The buckhorn cholla (Cylindropuntia acanthocarpa) is an open and spreading woody cactus, up to 1 m tall. The gray-green stems, also called "joints", are cylindrical, 5-30 cm long and 17-20 mm in diameter with tubercles or nodules. Each tubercle has a cluster of stiff spines, which are covered with loose papery sheaths. The flowers are up to 5 cm long and range from yellow to purple-red with shades in between. The fruits are obovoid, dry, shriveled and spiny and drop off later in the season. The seeds are light yellowish to gray-brown, 3.5 to 4 mm. long.
Varieties of C. acanthocarpa (var. acanthocarpa, var. coloradensis, var. major and var. thornberi) are found in Arizona, California, Nevada and Utah; in Arizona, all of the varieties are protected plants.
Global Range: Mojavean and Sonoran Deserts. California, Nevada, Arizona.
Regularity: Regularly occurring
Habitat and Ecology
Comments: Sandy or gravelly soils of benches, slopes of mountains, mesas, flats, and washes in the desert, woodland and brush.
Number of Occurrences
Note: For many non-migratory species, occurrences are roughly equivalent to populations.
Estimated Number of Occurrences: 21 to >300
Comments: Ninety-nine estimated EO's (Benson 1982)
Opuntia acanthocarpa commonly germinates and grows under the canopy of nurse plants. Hilaria rigida is the most common nurse plant for this and other cholla cacti but this species will utilize other favorable microhabitat. As the cactus develops it often begins to compete with the nurse plant for resources and is often responsible for die backs in the nurse plant. Mature plants can reciprocally play a nurse plant role for other species.
IUCN Red List Assessment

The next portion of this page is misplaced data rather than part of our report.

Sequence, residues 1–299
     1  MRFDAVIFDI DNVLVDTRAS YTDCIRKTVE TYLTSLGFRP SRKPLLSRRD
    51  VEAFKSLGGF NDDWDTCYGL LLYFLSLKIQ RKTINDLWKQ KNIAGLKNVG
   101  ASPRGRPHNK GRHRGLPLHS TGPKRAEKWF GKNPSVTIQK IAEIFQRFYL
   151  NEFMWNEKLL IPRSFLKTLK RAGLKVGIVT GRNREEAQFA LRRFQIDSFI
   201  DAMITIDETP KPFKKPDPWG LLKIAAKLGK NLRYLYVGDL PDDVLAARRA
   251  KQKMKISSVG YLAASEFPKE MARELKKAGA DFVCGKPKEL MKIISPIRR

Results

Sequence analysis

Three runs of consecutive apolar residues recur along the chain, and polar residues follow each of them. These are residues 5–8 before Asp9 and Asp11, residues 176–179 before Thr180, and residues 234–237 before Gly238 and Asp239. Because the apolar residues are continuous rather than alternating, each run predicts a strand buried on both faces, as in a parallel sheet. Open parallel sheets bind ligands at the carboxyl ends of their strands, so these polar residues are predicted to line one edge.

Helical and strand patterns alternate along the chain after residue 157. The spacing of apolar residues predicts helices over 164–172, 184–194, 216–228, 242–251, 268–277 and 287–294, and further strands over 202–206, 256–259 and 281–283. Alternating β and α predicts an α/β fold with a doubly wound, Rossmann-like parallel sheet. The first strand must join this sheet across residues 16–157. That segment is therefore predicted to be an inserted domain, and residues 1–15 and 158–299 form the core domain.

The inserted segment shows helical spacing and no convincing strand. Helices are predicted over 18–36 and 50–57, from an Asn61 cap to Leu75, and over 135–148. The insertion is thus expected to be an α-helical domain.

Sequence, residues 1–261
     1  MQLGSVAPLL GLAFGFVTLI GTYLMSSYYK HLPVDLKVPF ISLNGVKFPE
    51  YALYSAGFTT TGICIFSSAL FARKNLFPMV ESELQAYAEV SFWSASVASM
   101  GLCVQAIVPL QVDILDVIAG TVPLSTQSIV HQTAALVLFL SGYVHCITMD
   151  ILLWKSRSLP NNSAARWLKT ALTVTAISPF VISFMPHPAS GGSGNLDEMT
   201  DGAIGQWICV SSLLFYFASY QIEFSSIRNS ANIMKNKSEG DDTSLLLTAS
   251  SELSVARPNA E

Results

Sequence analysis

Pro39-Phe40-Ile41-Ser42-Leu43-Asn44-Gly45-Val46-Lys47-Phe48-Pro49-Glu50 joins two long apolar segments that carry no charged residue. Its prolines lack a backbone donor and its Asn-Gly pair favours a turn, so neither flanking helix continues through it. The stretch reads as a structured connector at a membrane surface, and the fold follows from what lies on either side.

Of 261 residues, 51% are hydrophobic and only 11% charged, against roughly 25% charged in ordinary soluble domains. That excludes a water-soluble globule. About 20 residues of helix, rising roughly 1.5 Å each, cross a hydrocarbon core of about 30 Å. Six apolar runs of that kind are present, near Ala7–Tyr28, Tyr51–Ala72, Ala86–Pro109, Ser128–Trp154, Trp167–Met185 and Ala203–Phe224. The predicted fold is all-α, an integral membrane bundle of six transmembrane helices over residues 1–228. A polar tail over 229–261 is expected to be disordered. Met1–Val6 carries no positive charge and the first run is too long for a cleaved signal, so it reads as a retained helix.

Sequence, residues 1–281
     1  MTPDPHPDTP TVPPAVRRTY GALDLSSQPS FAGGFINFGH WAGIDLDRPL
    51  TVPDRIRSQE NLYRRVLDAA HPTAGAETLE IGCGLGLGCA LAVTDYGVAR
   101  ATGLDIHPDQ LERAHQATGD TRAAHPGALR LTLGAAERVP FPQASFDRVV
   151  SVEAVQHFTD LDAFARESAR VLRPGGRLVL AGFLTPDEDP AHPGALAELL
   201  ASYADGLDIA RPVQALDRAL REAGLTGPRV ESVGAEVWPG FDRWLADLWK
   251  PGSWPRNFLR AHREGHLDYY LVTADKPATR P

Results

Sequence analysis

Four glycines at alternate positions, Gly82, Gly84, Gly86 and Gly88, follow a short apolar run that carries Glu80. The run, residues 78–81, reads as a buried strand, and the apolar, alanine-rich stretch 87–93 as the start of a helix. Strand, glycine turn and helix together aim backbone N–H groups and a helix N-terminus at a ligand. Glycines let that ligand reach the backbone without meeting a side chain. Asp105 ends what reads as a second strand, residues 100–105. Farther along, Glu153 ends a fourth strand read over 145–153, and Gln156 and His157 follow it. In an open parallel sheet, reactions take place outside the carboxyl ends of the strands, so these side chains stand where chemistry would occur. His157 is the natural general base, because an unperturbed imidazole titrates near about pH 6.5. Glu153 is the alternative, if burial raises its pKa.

Red List Category
Red List Criteria
National NatureServe Conservation Status
Rounded National Status Rank: NNR - Unranked
NatureServe Conservation Status
Rounded Global Status Rank: G4 - Apparently Secure
Reasons: Approx. 100 EO's from the Mojvean and Sonoran Deserts.
Comments: Most cacti subject to horticultural collecting.
Relevance to Humans and Ecosystems
In the Southwest the Hualapai and Pima harvested the unopened flower buds of buckhorn cholla with two long sticks. The sticks were used to grab the mature buds and twist them off into a large flat basket or bucket. The spines are then removed prior to cooking. Traditionally the buds were baked in an earthen pit, lined with stones, and heated with mesquite (Prosopis velutina) firewood. Then the buds were eaten right away or dried and stored for future use. Pima individuals who had stomach troubles were put on a special diet of these buds made into gruel. Some individuals still gather buckhorn cholla today.
There are a number of recognized varieties include:
- Cylindropuntia acanthocarpa var. acanthocarpa 
- Cylindropuntia acanthocarpa var. coloradensis — L.D. Benson; Colorado buckhorn cholla. 
- Cylindropuntia acanthocarpa var. ganderi — (C.B. Wolf) L.D. Benson
- Cylindropuntia acanthocarpa var. major — Engelm. & J.M. Bigelow 
- Cylindropuntia acanthocarpa var. ramosa — Peebles
- Cylindropuntia acanthocarpa var. thornberi — (Thornber & Bonker) L.D. Benson; Thornber's buckhorn cholla. 
- Early spring was called ko’oak macat (the painful moon) by the Tohono O’odham because of scarce food supplies. During this season, they turned to cacti for food and pit-roasted thousands of calcium-rich cholla flower buds.
- Today’s O’odham people still pit-roast or boil the cholla buds, which taste like asparagus tips.
Names and Taxonomy
Comments: Kartesz has sometimes (e.g. 1994) included Opuntia ganderi, an endemic Californian plant, as a variety (Opuntia acanthocarpa var. ganderi). This record is for the treatment that is only slightly narrower, excluding O. ganderi.